Over 400 aid projects in Kunduz

Officials with the Rural Rehabilitation and Development said on Monday that 435 welfare projects have been carried out in Kunduz province during the ongoing year (Pajhwok). The projects include graveling rural roads, constructing canals and culverts, and building 587 water wells, five schools, and 17 community centers. An estimated 200,000 residents have benefitted from the projects.

–Courtney Schuster


Bonus Read: “Has world’s biggest democracy got a Big Brother problem?” by Mackenzie Sigalos (CNN).

Sri Lankan President meets PM Modi

Sri Lanka’s newly-elected President Maithripala Sirisena and Indian Prime Minister Narendra Modi signed a civilian nuclear energy agreement in New Delhi on Monday, and also discussed expanding defense and security cooperation (WSJ, Economic Times, BBC). Addressing reporters, Modi said: “The bilateral agreement on civil nuclear cooperation is another demonstration of our mutual trust… This is the first such agreement that Sri Lanka has signed. It opens new avenues for cooperation” (Bloomberg).

This is Sirisena’s first official foreign visit after taking office in January. Sirisena’s predecessor, Mahinda Rajapaksa, had established closer relations with China, resulting in strained relations with India. During his visit to India, Sirisena will also visit Bodh Gaya, the Buddhist pilgrimage site located in the eastern state of Bihar, and a Hindu temple in Tirupati, located in the southern state of Andhra Pradesh.

PM Modi vows to protect religious minorities

Modi vowed to protect all religious groups, pledged action against those who perpetrated religious attacks, and warned against efforts to incite hatred against minorities in New Delhi on Tuesday, in response to recent attacks on churches in the capital city (BBC, Times of India, Reuters). Speaking at an event organized by Christian groups, Modi said: “My government will not allow any religious group, belonging to the majority or the minority, to incite hatred against others, overtly or covertly… We cannot accept violence against any religion on any pretext and I strongly condemn such violence. My government will act strongly in this regard” (NDTV).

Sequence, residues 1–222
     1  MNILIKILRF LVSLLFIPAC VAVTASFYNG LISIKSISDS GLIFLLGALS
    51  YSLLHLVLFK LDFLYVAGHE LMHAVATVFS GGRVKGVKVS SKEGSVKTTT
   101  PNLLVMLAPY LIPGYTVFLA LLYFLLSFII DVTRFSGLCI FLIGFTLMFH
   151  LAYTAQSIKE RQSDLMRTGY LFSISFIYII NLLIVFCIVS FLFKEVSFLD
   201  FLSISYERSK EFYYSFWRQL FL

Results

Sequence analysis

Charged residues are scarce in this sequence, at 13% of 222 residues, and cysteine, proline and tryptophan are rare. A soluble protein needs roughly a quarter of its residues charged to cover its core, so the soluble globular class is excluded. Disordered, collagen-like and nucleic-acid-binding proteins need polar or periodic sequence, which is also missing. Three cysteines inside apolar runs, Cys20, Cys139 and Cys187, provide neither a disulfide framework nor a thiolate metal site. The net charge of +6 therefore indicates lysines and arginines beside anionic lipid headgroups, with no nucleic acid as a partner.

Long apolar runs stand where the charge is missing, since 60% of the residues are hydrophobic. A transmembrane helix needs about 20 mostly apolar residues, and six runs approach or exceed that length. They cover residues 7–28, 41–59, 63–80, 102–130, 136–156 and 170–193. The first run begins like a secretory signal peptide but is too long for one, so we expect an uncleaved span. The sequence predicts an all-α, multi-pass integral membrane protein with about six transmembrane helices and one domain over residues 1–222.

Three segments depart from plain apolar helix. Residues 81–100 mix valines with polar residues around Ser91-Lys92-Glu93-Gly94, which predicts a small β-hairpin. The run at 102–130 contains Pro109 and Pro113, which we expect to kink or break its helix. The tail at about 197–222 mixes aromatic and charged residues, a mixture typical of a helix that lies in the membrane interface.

There have been a series of vandalism and arson attacks on churches in New Delhi in the past few months. According to critics, Modi’s nationalist Bharatiya Janata Party (BJP) government has failed to protect minorities. The Modi government was recently criticized after right-wing groups affiliated with the BJP initiated numerous campaigns to convert Christians and Muslims to Hinduism. During his visit to India last month, U.S. President Barack Obama said that India’s success would depend on religious freedom in the country.

Indian baby born in train toilet falls on tracks and survives

After a woman delivered a baby boy in the lavatory of a stationary train, her newborn slipped through the toilet bowl and fell on the railway tracks in the northern state of Rajasthan, according to news reports on Tuesday (Indian Express, Times of India, BBC). Manu, 22-years old, fell unconscious after giving birth, and by the time her family found her in the toilet, the train had departed. A guard at a warehouse near the railways tracks heard the baby crying and alerted the railway officials. The baby was later reunited with his mother. While the baby did not suffered any serious injuries, it was born underweight, weighing only 4.4lb. Similar incidents have been reported in the past as most Indian train lavatories have a toilet hole opening on to the tracks.